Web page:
Continuing our focus on photographs from the Gerald W. Williams Collection, we’ve decided to show you all some of the images he collected of Celilo Falls. Many of the pictures you’ll find in this set were taken by Williams’ father, Jack Williams, in September 1956 — only a few months before the falls were inundated.

For thousands of years, Celilo Falls was a traditional fishing spot for mid-Columbia tribes, producing millions of pounds of salmon each year; but the area was much more than a “favorite fishing hole.” Nearby Celilo Village was also trading hub for tribes from California, Montana, and Canada, with an active and lively market that saw local salmon traded for medicines, dried meats, and hides from the East and cedar, shells, and beads from the Pacific Coast. Noted by the Lewis and Clark expedition in 1805, the explorers said they found a “great emporium…where all the neighboring nations assemble,” and a population density unlike anything they had seen on their journey —historians have called the Celilo area the “Wall Street of the West.” However, even beyond commerce, the area was a place where “friendships were renewed, and men found brides.”

The US Army Corps of Engineers (USACOE) began work on The Dalles Dam in 1952 as a means of harnessing the Columbia River and providing “clean, sustainable, and cheap” hydroelectric power to Portland and Seattle . Between 1952 and 1955, ‘USACOE and representatives from the Warm Springs, Umatilla, Yakama, and Nez Perce reservations negotiate a monetary settlement for the loss of fishing sites resulting from construction of The Dalles Dam.” It was completed it five years later. Records and recollections say that Big Eddy was under water in less than an hour and Celilo Falls in six.

Where to go for more?

To watch the Oregon Field Guide “Celilo Fishing” video, which features a color film shot by the Army Corps of Engineers, click here. To see a detailed picture of the bottom of the Columbia River at Celilo Falls, check out the sonar data from the Army Corps of Engineers, check out the “Celilo Animation” video found here.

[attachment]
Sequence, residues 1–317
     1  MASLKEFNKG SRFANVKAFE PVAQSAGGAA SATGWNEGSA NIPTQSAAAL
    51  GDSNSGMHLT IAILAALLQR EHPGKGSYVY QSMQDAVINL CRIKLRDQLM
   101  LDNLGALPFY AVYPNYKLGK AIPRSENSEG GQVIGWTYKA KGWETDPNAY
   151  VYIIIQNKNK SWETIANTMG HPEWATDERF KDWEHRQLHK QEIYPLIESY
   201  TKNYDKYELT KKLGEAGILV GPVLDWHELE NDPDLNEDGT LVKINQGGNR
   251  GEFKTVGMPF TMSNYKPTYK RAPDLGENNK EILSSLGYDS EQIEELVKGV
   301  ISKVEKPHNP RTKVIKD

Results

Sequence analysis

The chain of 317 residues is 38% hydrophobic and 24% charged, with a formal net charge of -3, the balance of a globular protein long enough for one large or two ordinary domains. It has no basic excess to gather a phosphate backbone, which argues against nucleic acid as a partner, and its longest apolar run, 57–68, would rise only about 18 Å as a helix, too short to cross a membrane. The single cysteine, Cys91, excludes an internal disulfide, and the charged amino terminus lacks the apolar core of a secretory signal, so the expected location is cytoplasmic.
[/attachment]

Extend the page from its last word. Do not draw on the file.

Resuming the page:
YouTube also has many videos of Celilo Falls, with a search for “Celilo,” you’ll find plenty! For example, there are some great historic photos of the people of Celilo Falls in the “celilo finished 0001” YouTube video by clicking here.

Oregon Public Broadcasting Oregon Territory program called “Celilo Falls,”which aired March 3, 2007 is worth a viewing. Find out more here.

Katrine Barber’s 2005 book Death of Celilo Falls is another excellent resource for information on the both the cultural and political history of the area. “This book examines the negotiations and controversies that took place during the planning and construction of The Dalles dam and the profound impact the project had on both the Indian community of Celilo Village and the non-Indian town of The Dalles.”

Sites Consulted:

Microfilm Magic

bees-2551It’s true, all the magic really does happen in the microfilm area!

On October 28th, we had a visit from The History Detectives, and we’ve posted a few pictures and videos to our Flickr site. They were researching the history of a piece of bee’s wax and recording their findings for the hungry public television audience.

What did the detectives detect?
You’ll have to watch the episode next summer to find out, but we can report that part of the filming involved Elyse Luray doing microfilm research, as well as other general research, all under the glaring lights of the cameras.

What did she look at?
The McMinnville Telephone Register, The Wheeler Reporter and The Yamhill County Reporter.

Do we have those reels at OSU?
No, but that’s the beauty of ILL! A request to the UofO, a few days wait, and those reels made their way 45 miles north and into library lore and public tv fame.

What to watch?

ccc2534.jpgCivilian Conservation Corps on OPB, November 3 at 9:00 p.m.

“During the Great Depression, the Civilian Conservation Corps put millions of young men to work improving public lands. In its short existence, enrollees planted three billion trees earning the name Roosevelt’s Tree Army. Today, their work is still enjoyed in parks and forests around the state.”

OPB used images from the Gerald Williams and College of Forestry photograph collections!